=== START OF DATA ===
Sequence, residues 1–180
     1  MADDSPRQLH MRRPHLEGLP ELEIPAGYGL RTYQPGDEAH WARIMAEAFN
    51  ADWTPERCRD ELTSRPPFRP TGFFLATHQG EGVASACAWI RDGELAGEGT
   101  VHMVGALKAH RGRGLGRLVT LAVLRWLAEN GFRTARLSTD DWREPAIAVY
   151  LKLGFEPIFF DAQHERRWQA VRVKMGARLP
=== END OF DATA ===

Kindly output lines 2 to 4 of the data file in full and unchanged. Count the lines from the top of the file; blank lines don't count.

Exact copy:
     1  MADDSPRQLH MRRPHLEGLP ELEIPAGYGL RTYQPGDEAH WARIMAEAFN
    51  ADWTPERCRD ELTSRPPFRP TGFFLATHQG EGVASACAWI RDGELAGEGT
   101  VHMVGALKAH RGRGLGRLVT LAVLRWLAEN GFRTARLSTD DWREPAIAVY